Yesterday was a hard day for me. It started out well. I knew that I would be stressed out about the interview and so I hoped to be a bit pro-active and I got up early to go swimming. It was lovely, but then I felt the great desire to nap for most of the morning.
We have a client that the team saw yesterday that is challenging. He claims that no one hears him, but then he can't hear us. It's frustrating on so many levels. After seeing him, I spent almost as much time with one of the nurses processing her frustration.
Then I went home in the afternoon. I thought that this would be a good idea to have some space and to be able to relax. Unfortunately, with nothing concrete to do, the adrenaline kicked in. I felt sick to my stomach and could barely sit still. I tried doing some cleaning, but even that wasn't helping much.
By the time I headed off for the interview, I was just wanting it over so that my system could recover. I got to the office and while they were finishing up a phone call, I was given the job description to look over. It's definitely more managerial than I've had before and that was a little intimidating. But realistically I know that I could do it.
The interviewers were pretty nice, although the chapter president was a bit abrupt and several times when I looked over at her she was not really looking at me. It was a bit strange. That combined with her rather abrupt and shocking question at the beginning, gave the interview an odd feel.
The question: "So are you willing to give up your private practice?" Since there was very little information about the job in the posting and I hadn't been given any clue previously that my private practice would be an issue, this naturally gave me pause. I wanted to finish the interview for a couple of reasons: 1) I'd done a lot of prep for it and 2) any interview is good practice for the next. So I said that I would have to think about that and it wouldn't be a light decision, but that I would like to keep discussing this position.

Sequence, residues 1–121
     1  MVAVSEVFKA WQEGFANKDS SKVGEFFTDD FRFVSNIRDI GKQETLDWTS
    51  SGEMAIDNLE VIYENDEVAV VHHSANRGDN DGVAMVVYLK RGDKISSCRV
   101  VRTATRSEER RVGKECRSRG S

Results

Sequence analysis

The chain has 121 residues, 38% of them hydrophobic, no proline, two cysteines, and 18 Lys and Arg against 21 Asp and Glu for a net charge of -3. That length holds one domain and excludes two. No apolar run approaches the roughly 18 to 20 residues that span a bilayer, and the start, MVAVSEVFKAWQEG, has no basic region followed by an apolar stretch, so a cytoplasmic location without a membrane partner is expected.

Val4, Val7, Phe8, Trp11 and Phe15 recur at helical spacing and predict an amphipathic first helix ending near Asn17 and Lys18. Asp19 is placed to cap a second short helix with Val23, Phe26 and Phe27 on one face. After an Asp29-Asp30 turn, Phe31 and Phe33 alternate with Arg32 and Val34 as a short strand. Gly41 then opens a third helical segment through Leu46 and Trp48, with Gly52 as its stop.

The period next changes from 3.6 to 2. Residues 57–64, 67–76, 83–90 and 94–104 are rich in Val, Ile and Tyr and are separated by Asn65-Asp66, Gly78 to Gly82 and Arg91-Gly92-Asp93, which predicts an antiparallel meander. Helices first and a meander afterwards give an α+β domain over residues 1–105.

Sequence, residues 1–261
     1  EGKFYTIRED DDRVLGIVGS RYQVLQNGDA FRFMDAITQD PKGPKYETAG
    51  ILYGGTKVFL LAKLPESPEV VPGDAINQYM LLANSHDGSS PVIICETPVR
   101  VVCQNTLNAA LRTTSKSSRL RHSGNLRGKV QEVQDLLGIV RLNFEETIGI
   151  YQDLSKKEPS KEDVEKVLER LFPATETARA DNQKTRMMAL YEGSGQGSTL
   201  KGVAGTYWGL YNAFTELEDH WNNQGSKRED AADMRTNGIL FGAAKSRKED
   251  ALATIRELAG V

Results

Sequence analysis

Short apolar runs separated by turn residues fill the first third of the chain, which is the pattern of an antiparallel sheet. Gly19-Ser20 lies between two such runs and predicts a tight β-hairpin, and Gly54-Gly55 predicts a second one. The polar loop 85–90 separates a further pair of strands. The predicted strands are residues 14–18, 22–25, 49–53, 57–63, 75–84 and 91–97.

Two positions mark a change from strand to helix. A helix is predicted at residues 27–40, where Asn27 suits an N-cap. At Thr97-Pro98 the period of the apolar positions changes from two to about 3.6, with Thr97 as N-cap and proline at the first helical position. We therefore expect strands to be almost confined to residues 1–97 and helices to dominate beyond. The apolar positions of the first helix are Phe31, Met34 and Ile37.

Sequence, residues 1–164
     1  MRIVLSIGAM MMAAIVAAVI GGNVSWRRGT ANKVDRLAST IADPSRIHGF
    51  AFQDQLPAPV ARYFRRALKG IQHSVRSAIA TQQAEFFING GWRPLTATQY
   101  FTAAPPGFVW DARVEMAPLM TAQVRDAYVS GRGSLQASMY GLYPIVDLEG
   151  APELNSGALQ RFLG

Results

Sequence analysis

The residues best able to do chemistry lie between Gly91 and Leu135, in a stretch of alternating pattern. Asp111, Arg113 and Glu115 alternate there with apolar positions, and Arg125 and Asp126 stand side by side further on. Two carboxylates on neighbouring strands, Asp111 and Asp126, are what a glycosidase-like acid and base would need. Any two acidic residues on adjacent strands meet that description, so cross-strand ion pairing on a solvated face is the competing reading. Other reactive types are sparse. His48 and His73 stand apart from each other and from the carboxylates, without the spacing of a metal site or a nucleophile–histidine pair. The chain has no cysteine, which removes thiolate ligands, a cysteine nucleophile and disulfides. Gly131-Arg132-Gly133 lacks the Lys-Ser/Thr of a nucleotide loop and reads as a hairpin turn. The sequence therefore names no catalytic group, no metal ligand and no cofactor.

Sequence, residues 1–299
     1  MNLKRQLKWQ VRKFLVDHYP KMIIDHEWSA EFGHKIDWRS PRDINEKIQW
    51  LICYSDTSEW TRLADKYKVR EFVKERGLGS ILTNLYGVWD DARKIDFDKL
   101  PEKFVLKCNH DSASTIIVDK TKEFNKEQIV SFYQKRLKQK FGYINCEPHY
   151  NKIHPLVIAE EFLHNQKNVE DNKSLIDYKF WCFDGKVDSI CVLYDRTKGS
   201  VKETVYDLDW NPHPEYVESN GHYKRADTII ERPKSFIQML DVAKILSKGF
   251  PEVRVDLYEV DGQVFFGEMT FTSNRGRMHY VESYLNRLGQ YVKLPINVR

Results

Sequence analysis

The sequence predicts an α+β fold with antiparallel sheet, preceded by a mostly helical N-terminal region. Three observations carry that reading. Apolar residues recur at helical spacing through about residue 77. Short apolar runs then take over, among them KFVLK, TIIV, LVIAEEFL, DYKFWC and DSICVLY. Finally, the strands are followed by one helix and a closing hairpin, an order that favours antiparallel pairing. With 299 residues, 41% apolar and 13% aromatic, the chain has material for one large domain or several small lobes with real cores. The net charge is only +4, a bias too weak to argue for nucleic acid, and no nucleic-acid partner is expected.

I believe that I did a really fabulous job in the interview. But I left there feeling disappointed. S has subsequently pointed out that he doesn't think that unless there is a substantial conflict of interest that an employer can keep you from having a side practice, but that's not something that I think I'd want to fight about. Also I think that I'm not sure that I would be up to jumping into this job without some support.
Anyway, I saw clients after this. I had the realization that I really need to do some additional practice building things because my practice is getting a bit slim these days. And I was reminded of how much I love this work. So I don't feel like I can give up this work for a managerial position that wouldn't allow me to have similar therapeutic contact with clients.
I spent the night with S. I had a good cry in frustration. I was left feeling how incredibly much I love this man. He was just really focused on me and letting me feel what I needed to feel. I was remembering back in my depression when I was despairing over not having someone to hold me at night. And this is exactly what I was hoping for. I love him.